by RIP RENSE
IAN JUDGE RESPONDS! SEE BELOW
I went to
an L.A. Opera production the other day. I could tell it was an opera,
because they were singing and there was an orchestra. But those were the
Now, if you don’t go to
operas, or like opera, that’s okay. You’ll still understand what I’m writing
about here. I’m no highbrow, and neither is the director of the version of
Wagner’s “Tannhauser” (that’s TAHN-hoiser, fellow yokels), one Ian
Judge. Though I‘m sure he imagines otherwise.
As I said, you’ll
understand my hifalutin hoity-toity musicological insights. Let’s start with
this one: big naked breasts distract from music. For that matter,
they distract from pretty much anything.
Yet Judge misjudged this.
He thought that big flopping, flapping breasts, and pert, pointy breasts,
and fried-egg sized nipples, and little pencil eraserhead nipples, enhance
music. As well as various buttocks, from taut elevated muscular male
rumdadums to female, zaftig, curvy, how-do-they-walk-with-those-things
And he really thought
that when lots of people with ballet-cut limbs and torsos lasciviously strip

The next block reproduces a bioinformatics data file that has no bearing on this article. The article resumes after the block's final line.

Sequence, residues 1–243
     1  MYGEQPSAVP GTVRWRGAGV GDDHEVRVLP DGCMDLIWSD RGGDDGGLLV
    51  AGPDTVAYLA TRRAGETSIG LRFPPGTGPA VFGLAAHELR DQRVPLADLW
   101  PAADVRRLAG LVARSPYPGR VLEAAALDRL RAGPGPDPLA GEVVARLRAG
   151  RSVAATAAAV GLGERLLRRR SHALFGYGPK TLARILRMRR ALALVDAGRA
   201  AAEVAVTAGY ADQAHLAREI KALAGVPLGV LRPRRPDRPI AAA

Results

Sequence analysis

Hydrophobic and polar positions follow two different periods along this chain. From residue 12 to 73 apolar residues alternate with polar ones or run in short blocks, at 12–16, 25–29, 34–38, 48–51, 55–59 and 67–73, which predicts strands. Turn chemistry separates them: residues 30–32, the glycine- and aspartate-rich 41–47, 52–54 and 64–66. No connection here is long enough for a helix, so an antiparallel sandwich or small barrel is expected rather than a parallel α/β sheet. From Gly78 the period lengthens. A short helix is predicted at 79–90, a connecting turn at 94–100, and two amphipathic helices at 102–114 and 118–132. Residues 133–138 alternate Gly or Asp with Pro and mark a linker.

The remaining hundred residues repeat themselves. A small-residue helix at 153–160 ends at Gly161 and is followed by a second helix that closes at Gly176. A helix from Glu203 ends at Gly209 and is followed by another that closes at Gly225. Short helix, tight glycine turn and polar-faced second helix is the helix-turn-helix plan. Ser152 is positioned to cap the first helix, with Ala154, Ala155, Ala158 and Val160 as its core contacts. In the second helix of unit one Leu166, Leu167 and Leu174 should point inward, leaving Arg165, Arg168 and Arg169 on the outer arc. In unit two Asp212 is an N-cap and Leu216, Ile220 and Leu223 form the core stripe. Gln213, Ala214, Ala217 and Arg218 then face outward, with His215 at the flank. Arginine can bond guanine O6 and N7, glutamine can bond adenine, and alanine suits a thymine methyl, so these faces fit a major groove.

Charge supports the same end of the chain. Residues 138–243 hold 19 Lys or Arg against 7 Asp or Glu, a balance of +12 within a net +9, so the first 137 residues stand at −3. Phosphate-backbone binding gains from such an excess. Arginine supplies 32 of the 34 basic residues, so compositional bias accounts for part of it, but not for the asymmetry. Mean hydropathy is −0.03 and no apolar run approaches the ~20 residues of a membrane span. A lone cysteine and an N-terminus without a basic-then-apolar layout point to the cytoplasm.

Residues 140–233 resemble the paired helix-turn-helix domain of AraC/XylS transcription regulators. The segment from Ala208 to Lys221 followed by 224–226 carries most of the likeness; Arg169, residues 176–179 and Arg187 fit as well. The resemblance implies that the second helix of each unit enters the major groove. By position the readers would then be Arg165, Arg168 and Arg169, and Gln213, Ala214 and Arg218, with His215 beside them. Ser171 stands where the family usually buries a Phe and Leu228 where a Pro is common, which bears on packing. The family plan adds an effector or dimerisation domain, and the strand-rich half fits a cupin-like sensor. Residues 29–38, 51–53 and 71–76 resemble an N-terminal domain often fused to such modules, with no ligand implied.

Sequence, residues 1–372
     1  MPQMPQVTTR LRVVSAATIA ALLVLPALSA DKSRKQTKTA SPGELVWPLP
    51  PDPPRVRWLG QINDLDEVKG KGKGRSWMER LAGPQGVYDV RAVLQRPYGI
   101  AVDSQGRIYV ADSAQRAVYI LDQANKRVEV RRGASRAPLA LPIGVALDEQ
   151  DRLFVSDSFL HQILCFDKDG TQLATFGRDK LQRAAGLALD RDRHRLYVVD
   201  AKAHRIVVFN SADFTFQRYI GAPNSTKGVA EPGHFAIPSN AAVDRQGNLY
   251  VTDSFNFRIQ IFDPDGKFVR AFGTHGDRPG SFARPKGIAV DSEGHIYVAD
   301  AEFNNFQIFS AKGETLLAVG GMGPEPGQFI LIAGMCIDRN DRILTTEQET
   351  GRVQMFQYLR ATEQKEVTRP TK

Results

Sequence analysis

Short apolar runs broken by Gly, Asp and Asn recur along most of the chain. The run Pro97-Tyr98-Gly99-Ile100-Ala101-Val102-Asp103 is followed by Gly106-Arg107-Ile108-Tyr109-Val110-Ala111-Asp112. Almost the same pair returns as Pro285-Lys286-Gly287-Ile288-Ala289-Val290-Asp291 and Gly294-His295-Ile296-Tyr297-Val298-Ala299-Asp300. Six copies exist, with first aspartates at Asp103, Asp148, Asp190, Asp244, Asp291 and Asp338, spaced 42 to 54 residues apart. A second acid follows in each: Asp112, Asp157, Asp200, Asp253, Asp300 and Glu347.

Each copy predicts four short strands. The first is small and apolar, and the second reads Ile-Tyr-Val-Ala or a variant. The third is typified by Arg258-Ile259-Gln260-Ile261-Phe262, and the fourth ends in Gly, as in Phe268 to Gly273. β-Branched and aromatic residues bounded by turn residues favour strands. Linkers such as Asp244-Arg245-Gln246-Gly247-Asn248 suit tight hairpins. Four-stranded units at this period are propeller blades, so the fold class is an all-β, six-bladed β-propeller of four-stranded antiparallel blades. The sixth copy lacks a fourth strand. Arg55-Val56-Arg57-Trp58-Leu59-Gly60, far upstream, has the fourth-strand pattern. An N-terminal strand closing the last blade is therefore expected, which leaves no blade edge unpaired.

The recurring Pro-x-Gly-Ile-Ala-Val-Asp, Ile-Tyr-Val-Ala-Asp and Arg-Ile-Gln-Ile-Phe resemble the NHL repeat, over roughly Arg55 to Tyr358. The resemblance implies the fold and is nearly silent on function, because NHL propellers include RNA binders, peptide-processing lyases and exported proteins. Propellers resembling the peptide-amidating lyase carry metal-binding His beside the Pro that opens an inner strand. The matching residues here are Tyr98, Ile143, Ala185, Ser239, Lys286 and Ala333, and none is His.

under a red light (ooooo, get the passionate symbolism!), then perform every
that does not require a dog or Bill Clinton, this also makes the music much
more meaningful and wonderful. Think: allegro ma non sexo, coitus
intermezzo, sex and inversion, singspielingus, big tuttis, lots of fuguing,
fluttertonguing, and let’s not forget the
I mean, there I was at
the opera, watching several males buggering, kneeling females fellating,
leggy ladies licking, hills of humans humping, and a partridge in somebody’s
pear tree. Stimul---er, simulated, of course. But simulated buck-nekkid,
except for jaunty crimson his-and-hers jock straps. Total nudity,
apparently, was just too
a controversy to venture. But my, those ladies were expressive. I haven’t
seen legs spread that wide since I was born.
I can only guess that
knows something I don’t, because after all, he has directed many operas, and
musicals, and even Shakespeare. The only thing I’ve ever directed is a
stream of urine. Which, frankly, would have been well aimed at the L.A.